These virtues of my author did so take my affection, that they begat in me a desire to communicate him further: which was the first occasion that moved me to translate him. For it is an error we easily fall into, to believe that whatsoever pleaseth us, will be in like manner and degree acceptable to all: and to esteem of one another's judgment, as we agree in the liking or dislike of the same things. And in this error peradventure was I, when I thought, that as many of the more judicious as I should communicate him to, would affect him as much as I myself did. I considered also, that he was exceedingly esteemed of the Italians and French in their own tongues: notwithstanding that he be not very much beholden for it to his interpreters. Of whom (to speak no more than becomes a candidate of your good opinion in the same kind) I may say this: that whereas the author himself so carrieth with him his own light throughout, that the reader may continually see his way before him, and by that which goeth before expect what is to follow; I found it not so in them. The cause whereof, and their excuse, may be this: they followed the Latin of Laurentius Valla, which was not without some errors; and he a Greek copy not so correct as now is extant. Out of French he was done into English (for I need not dissemble to have seen him in English) in the time of King Edward the Sixth: but so, as by multiplication of error he became at length traduced, rather than translated into our language. Hereupon I resolved to take him immediately from the Greek, according to the edition of Æmilius Porta: not refusing or neglecting any version, comment, or other help I could come by. Knowing that when with diligence and leisure I should have done it, though some error might remain, yet they would be errors but of one descent; of which nevertheless I can discover none, and hope they be not many. After I had finished it, it lay long by me: and other reasons taking place, my desire to communicate it ceased.

For I saw that, for the greatest part, men came to the reading of history with an affection much like that of the people in Rome: who came to the spectacle of the gladiators with more delight to behold their blood, than their skill in fencing. For they be far more in number, that love to read of great armies, bloody battles, and many thousands slain at once, than that mind the art by which the affairs both of armies and cities be conducted to their ends. I observed likewise, that there were not many whose ears were well accustomed to the names of the places they shall meet with in this history; without the knowledge whereof it can neither patiently be read over, perfectly understood, nor easily remembered: especially being many, as here it falleth out. Because in that age almost every city both in Greece and Sicily, the two main scenes of this war, was a distinct commonwealth by itself, and a party in the quarrel.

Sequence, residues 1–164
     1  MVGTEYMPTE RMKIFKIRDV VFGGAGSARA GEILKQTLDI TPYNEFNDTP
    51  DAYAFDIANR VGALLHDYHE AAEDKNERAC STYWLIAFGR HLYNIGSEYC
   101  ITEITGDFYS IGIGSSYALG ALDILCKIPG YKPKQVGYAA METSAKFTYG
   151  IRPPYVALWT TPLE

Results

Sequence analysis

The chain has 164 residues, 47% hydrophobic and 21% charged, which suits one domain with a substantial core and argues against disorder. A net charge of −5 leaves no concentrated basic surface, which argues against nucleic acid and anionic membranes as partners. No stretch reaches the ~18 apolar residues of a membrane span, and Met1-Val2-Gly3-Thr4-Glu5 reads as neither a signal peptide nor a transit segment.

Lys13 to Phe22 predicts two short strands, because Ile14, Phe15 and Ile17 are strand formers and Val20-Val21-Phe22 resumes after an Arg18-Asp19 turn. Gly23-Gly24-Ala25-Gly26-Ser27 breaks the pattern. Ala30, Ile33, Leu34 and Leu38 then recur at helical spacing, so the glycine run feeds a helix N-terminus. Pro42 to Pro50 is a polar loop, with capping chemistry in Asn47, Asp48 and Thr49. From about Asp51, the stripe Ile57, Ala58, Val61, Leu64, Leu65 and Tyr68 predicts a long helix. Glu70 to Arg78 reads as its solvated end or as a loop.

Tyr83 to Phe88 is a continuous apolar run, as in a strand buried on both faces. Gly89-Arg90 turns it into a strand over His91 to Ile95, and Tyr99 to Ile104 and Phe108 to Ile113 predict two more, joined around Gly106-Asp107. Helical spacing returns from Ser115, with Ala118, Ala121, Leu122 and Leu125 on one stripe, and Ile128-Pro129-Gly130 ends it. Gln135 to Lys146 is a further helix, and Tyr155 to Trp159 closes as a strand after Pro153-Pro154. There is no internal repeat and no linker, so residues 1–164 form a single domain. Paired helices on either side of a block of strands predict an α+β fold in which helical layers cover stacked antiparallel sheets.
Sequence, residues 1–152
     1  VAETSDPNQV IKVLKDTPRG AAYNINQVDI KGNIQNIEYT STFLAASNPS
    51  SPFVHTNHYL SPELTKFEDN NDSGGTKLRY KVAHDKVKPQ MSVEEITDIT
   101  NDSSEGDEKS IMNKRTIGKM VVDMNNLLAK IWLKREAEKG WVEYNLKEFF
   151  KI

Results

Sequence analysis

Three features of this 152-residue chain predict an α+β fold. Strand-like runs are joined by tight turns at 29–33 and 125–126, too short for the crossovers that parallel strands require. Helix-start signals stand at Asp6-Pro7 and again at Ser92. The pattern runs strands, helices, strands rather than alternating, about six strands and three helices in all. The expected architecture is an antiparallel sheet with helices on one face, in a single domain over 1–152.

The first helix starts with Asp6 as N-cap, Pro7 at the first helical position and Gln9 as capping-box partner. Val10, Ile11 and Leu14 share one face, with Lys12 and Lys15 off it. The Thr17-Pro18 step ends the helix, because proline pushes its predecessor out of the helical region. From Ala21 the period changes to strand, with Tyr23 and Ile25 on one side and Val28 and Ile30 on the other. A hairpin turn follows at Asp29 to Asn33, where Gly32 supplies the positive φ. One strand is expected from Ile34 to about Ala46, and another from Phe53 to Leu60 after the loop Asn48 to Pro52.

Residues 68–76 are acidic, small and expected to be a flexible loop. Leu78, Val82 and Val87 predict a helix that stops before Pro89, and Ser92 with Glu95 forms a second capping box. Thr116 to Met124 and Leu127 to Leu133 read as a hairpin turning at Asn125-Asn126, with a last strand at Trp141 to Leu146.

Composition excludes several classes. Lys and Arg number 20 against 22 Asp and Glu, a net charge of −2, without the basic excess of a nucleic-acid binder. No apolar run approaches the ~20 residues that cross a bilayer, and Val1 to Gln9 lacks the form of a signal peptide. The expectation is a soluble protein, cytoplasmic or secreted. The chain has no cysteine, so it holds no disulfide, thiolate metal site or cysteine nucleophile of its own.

Nevertheless I have thought since, that the former of these considerations ought not to be of any weight at all, to him that can content himself with the few and better sort of readers: who, as they only judge, so is their approbation only considerable. And for the difficulty arising from the ignorance of places, I thought it not so insuperable, but that with convenient pictures of the countries it might be removed. To which purpose, I saw there would be necessary especially two: a general map of Greece, and a general map of Sicily. The latter of these I found already extant, exactly done by Philip Cluverius; which I have caused to be cut, and you have it at the beginning of the sixth book. But for maps of Greece, sufficient for this purpose, I could light on none. For neither are the tables of Ptolomy, and descriptions of those that follow him, accommodate to the time of Thucydides; and therefore few of the places by him mentioned, therein described: nor are those that be, agreeing always with the truth of history. Wherefore I was constrained to draw one as well as I could myself. Which to do, I was to rely for the main figure of the country on the modern description now in reputation: and in that, to set down those places especially (as many as the volume was capable of) which occur in the reading of this author, and to assign them that situation, which, by travel in Strabo, Pausanias, Herodotus, and some other good authors, I saw belonged unto them. And to shew you that I have not played the mountebank in it, putting down exactly some few of the principal, and the rest at adventure, without care and without reason, I have joined with the map an index, that pointeth to the authors which will justify me where I differ from others. With these maps, and those few brief notes in the margin upon such passages as I thought most required them, I supposed the history might be read with very much benefit by all men of good judgment and education, (for whom also it was intended from the beginning by Thucydides), and have therefore at length made my labour public, not without hope to have it accepted. Which if I obtain, though no otherwise than in virtue of the author's excellent matter, it is sufficient.